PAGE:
• I.e., if the police have probable cause to believe that a traffic (or other) law has been broken, they may stop the perpetrator, even if their motive in doing so is to seek evidence of some other crime for which they do not have probable cause or even reasonable suspicion, i.e., there’s no “pretext” exception to the general rule that police may make a warrantless stop of a vehicle when they have probable cause to believe than an offense has been committed

Cars and Containers

Search at Station After Arrest where the police arrest a driver, take him and his car to the station, and search the car at the station

  • Chambers v. Maroney (1970) a warrantless search which results in the finding of incriminating evidence is valid, despite the fact that, since the car was in police possession, a warrant could have been procured without endangering the preservation of evidence
    • Rationale: (1) the destruction-or-removal-of-evidence exception at least permitted the arresting officers to seize the car and deny its use to anyone; and (2) that being the case, “there is little to choose in terms of practical consequences between an immediate search [at the station] without a warrant and the car’s immobilization until a warrant is obtained.”
    • Houses v Cars → as a general principle, a lesser showing of exigent circumstances will allow a warrantless search of a vehicle than of a house b/c “a man’s home is his castle.”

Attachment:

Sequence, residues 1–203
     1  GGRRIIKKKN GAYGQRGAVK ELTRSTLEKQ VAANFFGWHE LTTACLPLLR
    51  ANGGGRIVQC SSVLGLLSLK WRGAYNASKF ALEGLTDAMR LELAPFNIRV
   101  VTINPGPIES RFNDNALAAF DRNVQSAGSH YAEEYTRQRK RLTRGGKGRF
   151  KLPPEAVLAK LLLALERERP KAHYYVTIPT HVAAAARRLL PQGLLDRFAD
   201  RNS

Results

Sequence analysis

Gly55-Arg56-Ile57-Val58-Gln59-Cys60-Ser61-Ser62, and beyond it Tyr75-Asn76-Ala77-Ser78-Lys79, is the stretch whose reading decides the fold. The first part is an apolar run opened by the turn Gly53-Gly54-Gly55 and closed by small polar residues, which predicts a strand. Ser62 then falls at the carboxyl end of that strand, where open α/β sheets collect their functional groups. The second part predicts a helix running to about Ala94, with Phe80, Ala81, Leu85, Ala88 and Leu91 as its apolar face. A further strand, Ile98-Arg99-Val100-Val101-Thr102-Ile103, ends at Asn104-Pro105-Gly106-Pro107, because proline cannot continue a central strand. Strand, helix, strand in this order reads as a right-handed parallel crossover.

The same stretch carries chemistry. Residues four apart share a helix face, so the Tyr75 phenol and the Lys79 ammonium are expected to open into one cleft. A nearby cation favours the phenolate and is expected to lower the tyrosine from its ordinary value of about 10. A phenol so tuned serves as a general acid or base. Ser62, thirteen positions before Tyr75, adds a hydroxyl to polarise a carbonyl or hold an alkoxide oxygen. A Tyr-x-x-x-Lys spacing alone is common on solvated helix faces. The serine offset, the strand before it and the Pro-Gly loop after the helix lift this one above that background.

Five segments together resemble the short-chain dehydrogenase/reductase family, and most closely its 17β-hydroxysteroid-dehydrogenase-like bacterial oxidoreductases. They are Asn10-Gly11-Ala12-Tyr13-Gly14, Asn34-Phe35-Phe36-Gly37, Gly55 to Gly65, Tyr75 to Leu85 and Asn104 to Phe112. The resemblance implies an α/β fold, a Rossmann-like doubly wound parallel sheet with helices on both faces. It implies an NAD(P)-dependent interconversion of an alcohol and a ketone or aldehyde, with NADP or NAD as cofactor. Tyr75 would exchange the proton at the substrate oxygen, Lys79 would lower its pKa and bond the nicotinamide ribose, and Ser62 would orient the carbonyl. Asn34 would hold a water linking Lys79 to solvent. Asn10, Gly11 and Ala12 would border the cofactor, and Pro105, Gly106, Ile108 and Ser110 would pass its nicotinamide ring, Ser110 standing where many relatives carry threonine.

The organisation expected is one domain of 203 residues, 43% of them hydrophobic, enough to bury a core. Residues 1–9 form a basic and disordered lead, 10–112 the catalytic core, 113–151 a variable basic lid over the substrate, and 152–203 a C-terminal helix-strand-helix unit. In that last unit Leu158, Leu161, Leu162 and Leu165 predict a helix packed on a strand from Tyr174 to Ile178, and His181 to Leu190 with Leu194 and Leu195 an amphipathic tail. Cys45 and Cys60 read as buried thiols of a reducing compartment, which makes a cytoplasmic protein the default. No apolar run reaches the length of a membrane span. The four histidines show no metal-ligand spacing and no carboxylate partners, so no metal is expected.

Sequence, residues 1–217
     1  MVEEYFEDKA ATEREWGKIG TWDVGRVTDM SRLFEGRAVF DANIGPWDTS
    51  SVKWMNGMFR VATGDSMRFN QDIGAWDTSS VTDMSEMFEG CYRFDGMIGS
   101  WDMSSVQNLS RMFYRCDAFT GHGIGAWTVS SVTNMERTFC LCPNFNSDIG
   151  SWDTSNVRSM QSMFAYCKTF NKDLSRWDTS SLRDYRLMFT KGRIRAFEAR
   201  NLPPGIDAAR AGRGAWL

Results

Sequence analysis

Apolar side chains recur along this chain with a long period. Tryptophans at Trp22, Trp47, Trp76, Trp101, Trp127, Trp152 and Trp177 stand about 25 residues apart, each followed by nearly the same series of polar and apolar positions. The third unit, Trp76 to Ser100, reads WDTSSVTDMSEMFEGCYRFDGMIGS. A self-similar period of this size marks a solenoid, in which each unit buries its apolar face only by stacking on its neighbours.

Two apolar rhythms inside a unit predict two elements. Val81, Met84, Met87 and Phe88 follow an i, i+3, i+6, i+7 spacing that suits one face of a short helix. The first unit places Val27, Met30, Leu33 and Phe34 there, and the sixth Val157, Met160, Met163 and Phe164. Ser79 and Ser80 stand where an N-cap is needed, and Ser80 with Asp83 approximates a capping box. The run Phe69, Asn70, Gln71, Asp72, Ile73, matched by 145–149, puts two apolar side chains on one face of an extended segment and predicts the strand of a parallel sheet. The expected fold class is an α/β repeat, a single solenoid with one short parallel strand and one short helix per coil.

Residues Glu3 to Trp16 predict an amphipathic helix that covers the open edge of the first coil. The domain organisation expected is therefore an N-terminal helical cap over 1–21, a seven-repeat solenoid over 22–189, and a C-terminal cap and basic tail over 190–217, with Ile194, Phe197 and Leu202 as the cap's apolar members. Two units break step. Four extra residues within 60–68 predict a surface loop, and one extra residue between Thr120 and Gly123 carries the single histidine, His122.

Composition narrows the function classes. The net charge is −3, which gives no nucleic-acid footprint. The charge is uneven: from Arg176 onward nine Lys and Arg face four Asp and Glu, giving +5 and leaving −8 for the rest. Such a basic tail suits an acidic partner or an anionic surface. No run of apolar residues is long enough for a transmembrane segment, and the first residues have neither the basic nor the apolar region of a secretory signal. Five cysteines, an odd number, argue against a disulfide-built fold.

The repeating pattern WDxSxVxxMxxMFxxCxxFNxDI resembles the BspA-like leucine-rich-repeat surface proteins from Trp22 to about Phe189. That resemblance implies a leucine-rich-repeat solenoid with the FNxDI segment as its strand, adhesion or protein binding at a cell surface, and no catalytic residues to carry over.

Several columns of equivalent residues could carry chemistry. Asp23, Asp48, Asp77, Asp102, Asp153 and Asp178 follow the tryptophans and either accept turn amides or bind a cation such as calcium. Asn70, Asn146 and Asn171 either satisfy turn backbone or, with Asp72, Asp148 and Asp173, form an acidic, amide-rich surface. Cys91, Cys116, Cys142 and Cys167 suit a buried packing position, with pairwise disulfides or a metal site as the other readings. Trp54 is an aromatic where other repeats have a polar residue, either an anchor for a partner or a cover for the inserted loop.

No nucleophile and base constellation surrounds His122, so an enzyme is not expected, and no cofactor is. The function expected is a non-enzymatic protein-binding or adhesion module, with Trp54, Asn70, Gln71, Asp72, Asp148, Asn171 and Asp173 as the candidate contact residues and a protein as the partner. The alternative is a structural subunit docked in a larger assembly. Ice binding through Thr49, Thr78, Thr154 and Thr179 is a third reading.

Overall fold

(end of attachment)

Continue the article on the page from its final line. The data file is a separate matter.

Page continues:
• Carroll v. US (1974) → automobiles and other conveyances may be searched without a warrant in circumstances that would not justify the search without a warrant of a house or an office, provided that there is probable cause to believe that the car contains articles that the officers are entitled to seize
    • Driver has three (3) interests at stake (when conducting the respective search without a warrant):
      1. interest in locomotion (continuing to travel);
      2. an interest in control over his property; and
      3. a privacy interest in the car’s content

Search at Place Where Vehicle is StoppedCalifornia v. Carney (1985) – police generally have a right to conduct a warrantless search of a vehicle immediately at the place where they have stopped it (assuming that they had probable cause to make the stop)

  • The warrantless search here was valid, and fell within the vehicle exception to the requirement of a search warrant, recognized by Carroll
  • Carney also establishes that a mobile home will be treated as a “vehicle” (with its lesser expectation of privacy), rather than a fixed dwelling, at least where the home is parked in a parking lot (may be different if the home was fixed)